Alliance of Texas environmental, oil interests block bill that would have given nuclear waste company a financial break

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The entrance to the Waste Control Specialists site, where radioactive and hazardous waste is disposed of and stored in Andrews County. Credit: Eli Hartman for The Texas Tribune

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A bill opposed by both environmental and some oil interests that would have given a nuclear waste company in West Texas a big break on state fees failed to receive a vote in the Texas House before a key deadline on Monday.

House Bill 2692, which also would have banned the most dangerous type of radioactive waste from entering Texas for disposal under state law, was blocked from advancing by a point of order brought by state Reps. Tom Craddick, R-Midland, and Harold Dutton, D-Houston.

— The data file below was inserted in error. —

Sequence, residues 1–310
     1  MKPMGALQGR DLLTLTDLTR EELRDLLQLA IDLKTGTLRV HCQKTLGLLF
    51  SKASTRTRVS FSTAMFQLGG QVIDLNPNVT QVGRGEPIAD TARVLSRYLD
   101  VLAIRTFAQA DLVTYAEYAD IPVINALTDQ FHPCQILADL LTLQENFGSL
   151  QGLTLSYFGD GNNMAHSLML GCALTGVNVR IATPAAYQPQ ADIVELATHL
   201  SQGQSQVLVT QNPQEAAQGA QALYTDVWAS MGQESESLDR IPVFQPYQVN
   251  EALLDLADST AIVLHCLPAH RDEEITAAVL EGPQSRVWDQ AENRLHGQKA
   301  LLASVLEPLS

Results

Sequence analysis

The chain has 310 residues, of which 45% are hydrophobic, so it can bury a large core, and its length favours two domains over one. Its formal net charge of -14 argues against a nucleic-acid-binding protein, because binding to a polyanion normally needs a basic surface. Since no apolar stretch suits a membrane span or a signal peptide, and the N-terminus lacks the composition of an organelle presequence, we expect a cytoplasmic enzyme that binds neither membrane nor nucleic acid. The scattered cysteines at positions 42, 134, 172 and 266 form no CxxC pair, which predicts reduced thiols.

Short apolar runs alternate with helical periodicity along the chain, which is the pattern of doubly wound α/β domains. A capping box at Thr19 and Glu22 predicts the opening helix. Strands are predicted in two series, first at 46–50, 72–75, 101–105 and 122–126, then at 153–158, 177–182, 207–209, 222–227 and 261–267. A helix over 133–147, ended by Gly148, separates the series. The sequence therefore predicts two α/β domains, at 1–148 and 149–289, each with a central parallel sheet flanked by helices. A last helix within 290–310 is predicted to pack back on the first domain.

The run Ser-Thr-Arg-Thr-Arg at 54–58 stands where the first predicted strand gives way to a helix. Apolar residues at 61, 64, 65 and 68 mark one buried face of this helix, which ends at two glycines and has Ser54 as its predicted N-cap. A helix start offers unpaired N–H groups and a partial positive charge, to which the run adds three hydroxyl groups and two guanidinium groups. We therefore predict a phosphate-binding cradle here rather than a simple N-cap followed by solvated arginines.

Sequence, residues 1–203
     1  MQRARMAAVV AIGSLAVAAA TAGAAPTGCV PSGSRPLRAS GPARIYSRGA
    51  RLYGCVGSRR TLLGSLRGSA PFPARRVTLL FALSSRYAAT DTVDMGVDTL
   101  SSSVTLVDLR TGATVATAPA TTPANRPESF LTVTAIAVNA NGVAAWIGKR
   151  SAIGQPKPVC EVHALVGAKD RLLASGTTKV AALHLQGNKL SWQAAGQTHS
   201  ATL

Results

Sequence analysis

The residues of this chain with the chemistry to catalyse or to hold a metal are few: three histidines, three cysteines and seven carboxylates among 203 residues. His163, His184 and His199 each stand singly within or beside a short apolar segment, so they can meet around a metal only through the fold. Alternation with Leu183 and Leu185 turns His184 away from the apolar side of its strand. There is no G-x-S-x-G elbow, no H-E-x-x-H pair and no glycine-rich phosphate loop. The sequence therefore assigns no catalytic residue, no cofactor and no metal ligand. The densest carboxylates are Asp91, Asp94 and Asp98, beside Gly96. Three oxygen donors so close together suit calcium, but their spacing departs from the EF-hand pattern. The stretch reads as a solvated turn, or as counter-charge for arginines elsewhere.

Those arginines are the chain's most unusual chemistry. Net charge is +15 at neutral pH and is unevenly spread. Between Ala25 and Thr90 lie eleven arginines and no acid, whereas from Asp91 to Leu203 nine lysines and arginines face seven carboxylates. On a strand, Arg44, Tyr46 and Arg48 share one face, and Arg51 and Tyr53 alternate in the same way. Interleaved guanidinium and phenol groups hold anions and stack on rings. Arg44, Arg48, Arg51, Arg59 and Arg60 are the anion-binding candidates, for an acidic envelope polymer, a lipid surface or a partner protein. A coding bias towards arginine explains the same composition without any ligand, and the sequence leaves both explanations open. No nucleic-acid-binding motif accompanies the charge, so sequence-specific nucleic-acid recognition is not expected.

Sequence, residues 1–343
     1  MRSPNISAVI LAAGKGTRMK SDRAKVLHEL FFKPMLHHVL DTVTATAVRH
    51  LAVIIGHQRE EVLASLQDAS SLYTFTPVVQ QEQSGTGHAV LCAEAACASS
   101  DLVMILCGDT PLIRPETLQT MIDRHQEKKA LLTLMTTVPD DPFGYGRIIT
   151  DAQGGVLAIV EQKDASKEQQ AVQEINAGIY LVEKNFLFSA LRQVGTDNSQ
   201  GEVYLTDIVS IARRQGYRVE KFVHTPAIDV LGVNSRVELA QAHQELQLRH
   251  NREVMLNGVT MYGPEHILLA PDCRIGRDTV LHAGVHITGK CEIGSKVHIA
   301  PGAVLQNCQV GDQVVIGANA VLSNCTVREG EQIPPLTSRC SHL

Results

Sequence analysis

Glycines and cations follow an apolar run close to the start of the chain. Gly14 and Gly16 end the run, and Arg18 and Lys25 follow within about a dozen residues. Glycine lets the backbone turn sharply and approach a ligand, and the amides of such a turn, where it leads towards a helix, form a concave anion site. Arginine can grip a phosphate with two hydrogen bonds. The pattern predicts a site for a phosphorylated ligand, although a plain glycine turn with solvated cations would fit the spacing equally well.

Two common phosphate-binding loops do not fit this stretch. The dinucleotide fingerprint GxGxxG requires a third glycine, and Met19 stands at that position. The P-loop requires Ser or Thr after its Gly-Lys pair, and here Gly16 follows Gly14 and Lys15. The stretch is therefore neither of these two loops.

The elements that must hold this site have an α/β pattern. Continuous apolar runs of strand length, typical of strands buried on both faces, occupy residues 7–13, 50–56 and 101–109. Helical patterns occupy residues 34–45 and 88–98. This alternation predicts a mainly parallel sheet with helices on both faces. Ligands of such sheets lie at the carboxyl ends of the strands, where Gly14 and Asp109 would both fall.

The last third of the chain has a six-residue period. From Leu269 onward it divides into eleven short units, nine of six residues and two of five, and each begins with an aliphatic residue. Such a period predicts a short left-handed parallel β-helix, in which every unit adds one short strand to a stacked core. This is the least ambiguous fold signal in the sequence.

It was sent back to committee and has failed to be voted out a second time before Monday, the last day House committees could report measures and have a chance of passing.

State Rep. Brooks Landgraf, R-Odessa, whose district includes Andrews County, where the nuclear waste company Waste Control Specialists operates, had sought in the legislation to stop a plan to build a 332-acre site in West Texas near the New Mexico border to store the riskiest type of nuclear waste: spent fuel rods from nuclear power plants, which can remain dangerously radioactive for hundreds of thousands of years.

But opponents of the bill — including Craddick, whose district is nearby — said the legislation wasn’t strong enough to stop the federal government from forcing Texas to take the dangerous materials. Opponents believe the primary purpose of the legislation was to give the company a break on fees it pays for its existing lower-level radioactive waste disposal facility.

“This legislation would have not added the protections needed to prevent a high level radioactive waste ban in Texas,” Craddick wrote in a statement saying he “killed” Landgraf’s bill. “Walking back on a promise to the Permian Basin is not an option.”